Contrary to some narratives by the not so informed, the whole $3,9 billion is not just for importing grain.



At the heart of this approach is the avoidance of a consumptive attitude, but one in which Zimbabwe should emerge from with strong inbuilt absorbers able to withstand future climate-induced shocks.

It means that the food insecure will be supplied, but one eye will always remain focused on the future.

The Mitigation comprises the food that is distributed by the Department of Social Welfare, food production through irrigated cereals and the importation of grain by Government.


This also includes the movement of grain from areas with surplus to areas with deficits. Besides the grain relief itself, there are households that actually need water.

We can’t just give food without making potable water available.


We are adopting a holistic approach which is need based.


Further, there is a cost in the development of the agriculture information system.

Let’s address Resilience Cost

All farmers receiving social welfare support must adopt Pfumvudza/Intwasa in the next season.
This will help improve yield per acre.


Some of the resilience money will go towards irrigation.


Government has an intention to make sure summer irrigation increases from 75 000 to 350 000 hectares.


This factor alone will take about US$6 million from the appeal figure.

Establishing a revised Strategic Grain Reserve of 1,5 million tonnes will cost about US$150 million.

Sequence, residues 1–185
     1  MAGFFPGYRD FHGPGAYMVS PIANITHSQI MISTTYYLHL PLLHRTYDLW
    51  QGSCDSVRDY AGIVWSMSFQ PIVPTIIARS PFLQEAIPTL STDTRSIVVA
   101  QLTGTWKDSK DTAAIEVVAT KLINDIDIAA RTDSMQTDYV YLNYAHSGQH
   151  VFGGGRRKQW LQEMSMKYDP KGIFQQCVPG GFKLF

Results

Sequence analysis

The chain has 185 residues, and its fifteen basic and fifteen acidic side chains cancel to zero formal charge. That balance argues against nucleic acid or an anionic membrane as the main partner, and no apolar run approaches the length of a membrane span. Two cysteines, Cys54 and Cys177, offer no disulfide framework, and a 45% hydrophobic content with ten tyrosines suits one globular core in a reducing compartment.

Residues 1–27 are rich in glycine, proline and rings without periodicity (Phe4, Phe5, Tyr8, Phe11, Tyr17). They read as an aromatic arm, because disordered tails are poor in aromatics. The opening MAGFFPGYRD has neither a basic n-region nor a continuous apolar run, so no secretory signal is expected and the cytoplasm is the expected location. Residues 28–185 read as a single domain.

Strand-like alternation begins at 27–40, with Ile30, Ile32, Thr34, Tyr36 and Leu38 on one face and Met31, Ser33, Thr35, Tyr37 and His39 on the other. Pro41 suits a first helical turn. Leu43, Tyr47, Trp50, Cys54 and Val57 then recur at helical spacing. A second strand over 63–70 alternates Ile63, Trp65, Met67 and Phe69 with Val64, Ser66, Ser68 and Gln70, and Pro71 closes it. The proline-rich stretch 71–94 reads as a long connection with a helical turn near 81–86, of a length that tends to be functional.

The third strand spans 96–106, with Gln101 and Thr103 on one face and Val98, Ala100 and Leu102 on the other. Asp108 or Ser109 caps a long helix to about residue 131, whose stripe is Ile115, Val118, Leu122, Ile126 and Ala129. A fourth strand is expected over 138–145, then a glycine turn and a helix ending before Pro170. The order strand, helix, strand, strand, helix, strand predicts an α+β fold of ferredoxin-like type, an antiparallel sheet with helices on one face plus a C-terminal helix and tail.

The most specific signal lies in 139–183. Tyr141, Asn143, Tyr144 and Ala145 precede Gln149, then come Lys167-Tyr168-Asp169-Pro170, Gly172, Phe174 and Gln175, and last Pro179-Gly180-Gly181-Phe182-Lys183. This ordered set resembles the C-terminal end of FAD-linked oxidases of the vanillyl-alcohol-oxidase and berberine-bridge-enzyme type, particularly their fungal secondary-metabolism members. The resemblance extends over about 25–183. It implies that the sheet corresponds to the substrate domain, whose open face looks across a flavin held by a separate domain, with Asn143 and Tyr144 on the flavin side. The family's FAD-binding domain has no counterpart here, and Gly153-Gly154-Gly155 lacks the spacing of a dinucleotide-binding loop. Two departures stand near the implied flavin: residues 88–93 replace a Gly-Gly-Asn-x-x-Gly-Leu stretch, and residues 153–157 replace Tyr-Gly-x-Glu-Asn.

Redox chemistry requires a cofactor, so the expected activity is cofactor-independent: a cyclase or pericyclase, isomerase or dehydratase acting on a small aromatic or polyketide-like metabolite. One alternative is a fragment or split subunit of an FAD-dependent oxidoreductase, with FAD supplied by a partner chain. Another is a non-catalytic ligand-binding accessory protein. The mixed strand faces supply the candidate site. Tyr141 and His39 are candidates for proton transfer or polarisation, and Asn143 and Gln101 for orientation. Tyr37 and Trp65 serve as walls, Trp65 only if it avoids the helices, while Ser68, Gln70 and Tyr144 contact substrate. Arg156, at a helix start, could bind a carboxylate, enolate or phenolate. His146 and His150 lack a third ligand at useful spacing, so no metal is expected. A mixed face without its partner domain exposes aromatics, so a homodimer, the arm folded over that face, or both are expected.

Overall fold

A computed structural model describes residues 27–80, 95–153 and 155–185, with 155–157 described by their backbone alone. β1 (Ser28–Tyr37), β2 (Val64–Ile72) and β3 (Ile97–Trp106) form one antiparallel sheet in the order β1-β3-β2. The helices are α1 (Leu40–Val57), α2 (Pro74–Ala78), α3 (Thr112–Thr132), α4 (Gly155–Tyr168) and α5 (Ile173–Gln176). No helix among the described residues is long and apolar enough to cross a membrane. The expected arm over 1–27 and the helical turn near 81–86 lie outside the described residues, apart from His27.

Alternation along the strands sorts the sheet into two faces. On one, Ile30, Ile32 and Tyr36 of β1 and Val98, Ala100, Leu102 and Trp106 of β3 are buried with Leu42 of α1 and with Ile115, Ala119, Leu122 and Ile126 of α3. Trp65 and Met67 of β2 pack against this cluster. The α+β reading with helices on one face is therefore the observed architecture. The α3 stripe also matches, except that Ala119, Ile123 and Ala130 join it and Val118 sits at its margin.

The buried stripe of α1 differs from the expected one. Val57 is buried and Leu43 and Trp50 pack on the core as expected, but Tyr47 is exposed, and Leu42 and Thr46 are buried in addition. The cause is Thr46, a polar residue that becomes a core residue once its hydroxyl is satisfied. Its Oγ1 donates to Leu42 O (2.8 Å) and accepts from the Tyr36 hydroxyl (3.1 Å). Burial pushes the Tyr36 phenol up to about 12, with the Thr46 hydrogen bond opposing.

We are going to financially capacitate ARDA to produce about 45 percent of the summer cereals and 300 000 tonnes of the 2024 winter production.


You see?

This is not just about food imports or purchases, but goes well beyond that simplistic view.

Farmers, institutions and workers will all be capacitated as a means of building resilience which can help with the management of future shocks.

Now, let us explore the Government measures being put in place for each sector.


During the 2023/24 agricultural season, about 1 728 897 hectares had been put under maize crop and other cereals throughout the country.

In other years, this would have been enough to feed our people and livestock.

However, the late start of the agricultural season and prolonged dry spell reduced yields in most parts of the country and crop failure was widespread.


As a result, there is a deficit of about 680 000 tonnes of grain and cereal for consumption.


What is the Government going to do about the grain deficit?